Quagga mussels attach to hard surfaces such as concrete and pipes, and can multiply rapidly. Mussels can affect canals, aqueducts, water intakes, dams and power plants, resulting in significant maintenance costs. The mussel can also damage watercraft and impact lake ecosystems and fisheries.

Mullins said SRP will continue its collaboration with the U.S. Forest Service and the Bureau of Reclamation to support the “Don’t Move a Mussel” campaign to limit the spread of quagga mussels in Arizona’s waterways.  More information about the outreach campaign is available on SRP’s website at www.srpnet.com/quagga or the Arizona Department of Fish and Game website.

SRP is the largest provider of water and electricity to the greater Phoenix metropolitan area, delivering about 1 million acre-feet to agricultural, urban and municipal water users and providing electric service to about 970,000 customers.

Lori Singleton

Lori Singleton – 50 Most Influential Women in Arizona Business

Lori Singleton – Manager of Sustainability Initiatives and Technologies, SRP

Singleton has been with SRP for 35 years and is responsible for developing and implementing solar and sustainability programs, and wireline and wireless telecom solutions for customers. Under her direction, SRP has provided incentives to more than 12,000 customers who have installed solar energy systems on their homes and businesses. She is also an active volunteer and effective advocate on the boards of Audubon of Arizona and the National Solar Energy Power Association.

Surprising fact: “I love to country dance.”

Biggest challenge: “Finding the right balance between work and family, particularly as a single mom. That said, my daughter is 25, finishing college and fondly remembers hanging out in mom’s office while she worked or tagging along for volunteer events.”

Fifty Most Influential Women in Arizona Business – Every year in its July/August issue Arizona Business Magazine features 50 women who make an impact on Arizona business. To see the full list, read the digital issue >>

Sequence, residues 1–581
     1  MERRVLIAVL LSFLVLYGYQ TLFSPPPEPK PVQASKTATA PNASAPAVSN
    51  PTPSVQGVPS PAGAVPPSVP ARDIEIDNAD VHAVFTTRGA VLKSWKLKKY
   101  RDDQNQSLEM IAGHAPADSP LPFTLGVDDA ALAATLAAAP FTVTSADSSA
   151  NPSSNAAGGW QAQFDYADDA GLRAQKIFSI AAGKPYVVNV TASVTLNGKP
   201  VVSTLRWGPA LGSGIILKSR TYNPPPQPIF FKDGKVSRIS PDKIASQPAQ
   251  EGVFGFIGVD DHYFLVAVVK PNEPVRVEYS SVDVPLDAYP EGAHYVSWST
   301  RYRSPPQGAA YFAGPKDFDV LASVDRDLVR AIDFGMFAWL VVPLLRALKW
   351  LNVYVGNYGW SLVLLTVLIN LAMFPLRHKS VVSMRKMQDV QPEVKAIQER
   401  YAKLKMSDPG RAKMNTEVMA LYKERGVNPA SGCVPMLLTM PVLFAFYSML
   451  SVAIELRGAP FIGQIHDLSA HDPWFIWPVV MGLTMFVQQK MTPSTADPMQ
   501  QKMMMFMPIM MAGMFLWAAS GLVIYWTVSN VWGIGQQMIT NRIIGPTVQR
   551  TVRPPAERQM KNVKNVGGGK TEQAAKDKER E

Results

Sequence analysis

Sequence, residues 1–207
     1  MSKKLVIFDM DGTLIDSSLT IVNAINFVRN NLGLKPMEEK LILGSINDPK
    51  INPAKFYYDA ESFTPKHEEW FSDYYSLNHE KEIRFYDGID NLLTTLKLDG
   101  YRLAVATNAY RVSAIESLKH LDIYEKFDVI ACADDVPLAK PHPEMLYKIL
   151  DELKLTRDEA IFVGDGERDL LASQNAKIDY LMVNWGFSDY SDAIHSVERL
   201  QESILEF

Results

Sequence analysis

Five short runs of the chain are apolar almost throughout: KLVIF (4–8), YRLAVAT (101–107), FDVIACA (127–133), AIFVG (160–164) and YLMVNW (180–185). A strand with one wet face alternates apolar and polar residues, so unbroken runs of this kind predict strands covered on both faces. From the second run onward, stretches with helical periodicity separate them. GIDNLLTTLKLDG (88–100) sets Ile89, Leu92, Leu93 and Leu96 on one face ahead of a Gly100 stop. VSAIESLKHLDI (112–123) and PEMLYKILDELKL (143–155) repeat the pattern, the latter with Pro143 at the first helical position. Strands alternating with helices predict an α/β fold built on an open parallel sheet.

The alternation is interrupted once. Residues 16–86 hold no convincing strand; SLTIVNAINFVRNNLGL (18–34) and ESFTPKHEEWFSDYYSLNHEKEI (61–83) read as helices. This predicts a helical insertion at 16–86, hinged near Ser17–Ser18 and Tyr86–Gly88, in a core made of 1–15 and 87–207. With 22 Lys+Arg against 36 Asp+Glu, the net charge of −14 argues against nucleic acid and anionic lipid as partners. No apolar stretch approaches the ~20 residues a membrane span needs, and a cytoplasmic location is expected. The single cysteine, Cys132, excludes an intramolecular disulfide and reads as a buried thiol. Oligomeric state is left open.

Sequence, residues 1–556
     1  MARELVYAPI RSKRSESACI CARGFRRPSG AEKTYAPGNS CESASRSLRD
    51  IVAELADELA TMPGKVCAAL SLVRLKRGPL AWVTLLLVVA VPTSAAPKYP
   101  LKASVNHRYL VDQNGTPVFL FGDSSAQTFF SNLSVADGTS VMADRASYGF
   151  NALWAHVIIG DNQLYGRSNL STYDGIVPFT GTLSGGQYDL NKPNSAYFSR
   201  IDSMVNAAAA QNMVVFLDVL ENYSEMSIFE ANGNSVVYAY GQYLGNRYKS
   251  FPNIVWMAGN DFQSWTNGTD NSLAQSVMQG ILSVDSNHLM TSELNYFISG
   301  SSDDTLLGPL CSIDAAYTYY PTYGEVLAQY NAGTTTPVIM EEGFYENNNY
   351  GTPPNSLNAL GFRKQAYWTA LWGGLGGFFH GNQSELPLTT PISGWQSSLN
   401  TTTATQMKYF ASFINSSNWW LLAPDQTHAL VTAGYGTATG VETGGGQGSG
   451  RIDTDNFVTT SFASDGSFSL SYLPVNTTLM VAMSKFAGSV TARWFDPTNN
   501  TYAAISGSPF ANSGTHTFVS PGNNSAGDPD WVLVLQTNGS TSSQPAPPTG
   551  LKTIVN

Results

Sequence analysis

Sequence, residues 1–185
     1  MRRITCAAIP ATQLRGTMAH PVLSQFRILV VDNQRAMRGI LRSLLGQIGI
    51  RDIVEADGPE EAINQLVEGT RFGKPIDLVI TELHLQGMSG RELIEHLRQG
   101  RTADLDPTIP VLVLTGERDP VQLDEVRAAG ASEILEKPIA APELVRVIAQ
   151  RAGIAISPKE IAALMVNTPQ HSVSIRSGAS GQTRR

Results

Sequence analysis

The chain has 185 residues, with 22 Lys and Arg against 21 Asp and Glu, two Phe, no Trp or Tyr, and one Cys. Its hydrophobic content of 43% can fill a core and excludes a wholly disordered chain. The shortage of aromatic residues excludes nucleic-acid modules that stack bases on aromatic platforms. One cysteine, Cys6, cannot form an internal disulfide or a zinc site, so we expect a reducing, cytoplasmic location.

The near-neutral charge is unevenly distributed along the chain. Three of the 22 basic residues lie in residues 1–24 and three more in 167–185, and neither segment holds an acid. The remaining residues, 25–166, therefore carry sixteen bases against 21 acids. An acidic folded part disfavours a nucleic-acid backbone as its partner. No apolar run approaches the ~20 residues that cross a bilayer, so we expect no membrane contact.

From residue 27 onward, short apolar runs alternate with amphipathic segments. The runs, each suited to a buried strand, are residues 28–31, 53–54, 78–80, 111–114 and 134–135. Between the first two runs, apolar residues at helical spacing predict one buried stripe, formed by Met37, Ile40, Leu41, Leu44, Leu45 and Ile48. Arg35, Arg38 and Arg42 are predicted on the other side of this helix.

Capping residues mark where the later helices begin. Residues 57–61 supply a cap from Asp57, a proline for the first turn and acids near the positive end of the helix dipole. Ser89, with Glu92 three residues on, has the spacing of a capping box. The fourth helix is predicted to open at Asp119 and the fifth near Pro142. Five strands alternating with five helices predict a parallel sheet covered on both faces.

electricity

Customers Rank SRP Highest in West, U.S.

Salt River Project’s electric customers continue to give SRP high marks for customer satisfaction.  In a report issued today by J.D. Power and Associates, SRP received the top score for residential electric service in the Large Utilities segment in the western United States for the 12th consecutive year and the highest total among the nation’s largest utilities for the fifth year in a row.

SRP’s ranking was bolstered by sweeping the No. 1 spot in the survey’s Large Utilities segment in the West region for all six survey components, Power Quality and Reliability, Billing and Payment, Corporate Citizenship, Price, Communications and Customer Service. Among all large utilities across the nation, SRP scored highest in customer satisfaction for the eighth time in the 15 years J.D. Power and Associates has conducted its study of residential customers.  With a Customer Satisfaction Index score of 709 on a 1,000-point scale in this year’s ranking, SRP is the only electric utility that has been ranked among the top 10 in the U.S. in all 15 years.

It is the 14th time in the last 15 years that SRP scored the highest in the West among large electric utilities (500,000 or more residential customers). The average score in the West large region, which covers utilities in Arizona, California, Colorado, Idaho, Montana, Nevada, New Mexico, Oregon, Utah, Washington and Wyoming, was 654.

The 2013 Electric Utility Residential Customer Satisfaction Study was based on responses from about 103,000 online interviews conducted from July 2012 through May 2013 among residential customers of the 126 largest electric utility brands across the nation, which collectively represent more than 94 million households.  More information on the J.D. Power and Associates’ study can be found at www.jdpower.com/library/index.htm.

SRP is the largest provider of electricity to the greater Phoenix metropolitan area, providing electric service to more than 970,000 customers.  SRP also is the metropolitan area’s largest supplier of water, delivering about 1 million acre-feet to agricultural, urban and municipal water users.